About formulas and functions

You enter a formula into a sheet to perform a calculation on numbers, text, or other formulas. When you use formulas, your data becomes dynamic. Functions are built-in formulas that perform specialized calculations automatically. You can use a function by itself as a formula, or combine it with other functions and formulas. Use operators to indicate how the parts of a formula are related.

You enter a formula in a cell as you enter any data into a sheet. All formulas begin with an equal sign (=). You can reference a range of cells on the same sheet or a different sheet by dragging to select the range and pressing Enter. The range address is automatically added to the formula.

After you enter the formula, its result is displayed in the cell. To see the formula, look in the formula bar. You can always type the numbers or text that you want to calculate directly into the formula. You can also enter the data in other cells, and then use cell addresses in the formula.

Top section of spreadsheet showing how the formula =A1+A2 in cell A3 displays the formula in the formula bar, but the sum in cell A3.

Use an exclamation point (!) to separate a sheet name from a cell or range address, for example Sheet2!A1 or Sheet2!A1:A4. Use a comma (,) to separate one argument from another in a function, for example =SUM(Sheet1!A1,5,1234). To prevent an argument that contains a comma, for example 1,234, from being recognized as two arguments, you must add quotation marks around the argument, for example "1, 234", or omit the comma, for example, 1234.

Some locales, such as German, use a semicolon (;) to separate arguments--in these cases a message instructs you if you try to enter a comma between arguments.

Note: If you imported your spreadsheet from IBM® Lotus® Symphony®, which uses a period (.) to separate a sheet from cells and a semicolon (;) to separate arguments, they will be converted to ! and , when you edit the spreadsheet.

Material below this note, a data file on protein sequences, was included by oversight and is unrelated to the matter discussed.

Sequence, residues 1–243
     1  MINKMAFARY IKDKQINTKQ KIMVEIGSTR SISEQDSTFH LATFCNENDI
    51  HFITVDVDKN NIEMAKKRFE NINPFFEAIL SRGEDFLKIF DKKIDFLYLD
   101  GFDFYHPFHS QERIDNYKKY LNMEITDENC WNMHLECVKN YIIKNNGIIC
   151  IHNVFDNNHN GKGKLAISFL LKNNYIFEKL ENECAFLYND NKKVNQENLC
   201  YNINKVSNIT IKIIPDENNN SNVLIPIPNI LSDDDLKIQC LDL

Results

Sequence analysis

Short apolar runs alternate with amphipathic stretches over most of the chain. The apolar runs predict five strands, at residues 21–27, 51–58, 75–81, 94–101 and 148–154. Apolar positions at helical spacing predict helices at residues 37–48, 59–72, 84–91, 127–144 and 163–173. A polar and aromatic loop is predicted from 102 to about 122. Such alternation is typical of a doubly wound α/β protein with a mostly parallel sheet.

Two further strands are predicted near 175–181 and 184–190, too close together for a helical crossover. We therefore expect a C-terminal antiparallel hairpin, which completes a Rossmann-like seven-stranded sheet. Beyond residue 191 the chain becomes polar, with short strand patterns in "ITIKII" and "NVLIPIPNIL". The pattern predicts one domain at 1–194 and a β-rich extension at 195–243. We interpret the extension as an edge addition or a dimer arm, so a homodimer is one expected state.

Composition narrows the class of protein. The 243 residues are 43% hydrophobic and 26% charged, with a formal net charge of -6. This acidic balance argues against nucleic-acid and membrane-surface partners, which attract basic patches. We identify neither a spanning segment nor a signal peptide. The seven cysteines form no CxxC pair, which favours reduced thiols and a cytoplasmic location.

Table 1. Examples of formulas
Formula Result
=A1+10 Shows the contents of cell A1 plus 10.
=A1*16% Shows 16% of the value of A1.
=A1*A2 Shows the result of the multiplication of A1 and A2.
=ROUND(A1,1) Shows the contents of cell A1 rounded to one decimal place.
=B8-SUM(B10:B14) Calculates B8 minus the sum of the cells B10 to B14.
=SUM(B8,SUM(B10:B14)) Calculates the value of the sum of cells B10 to B14 and adds the value to B8.
=SUM(B:B) Sums all numbers in column B.
=IF(trim(A1)="","Cell should not be empty",A1) Corrects invalid input.
Tip: The basic arithmetic operators (+, -, *, /) can be used in formulas using the Multiplication and Division before Addition and Subtraction rule. Instead of using the function =SUM(A1:B1) you can type =A1+B1. Parentheses can also be used. The result of the formula =(1+2)*3 produces a different result than =1+2*3.

The following operators are supported.

Table 2. Operators by type
Type Operators Description
Arithmetic operators + - * / % ^ Symbols for addition, subtraction, multiplication, division, percent, and exponentiation
Text operator & Symbol for combining strings
Logical operators = < > <= >= <> Symbols for equal to, less than, and so on
Reference operators : , space Symbols for calculations involving cells. A colon indicates a cell range; a comma, a concatenation, or union, of cells; and a space, an intersection of cells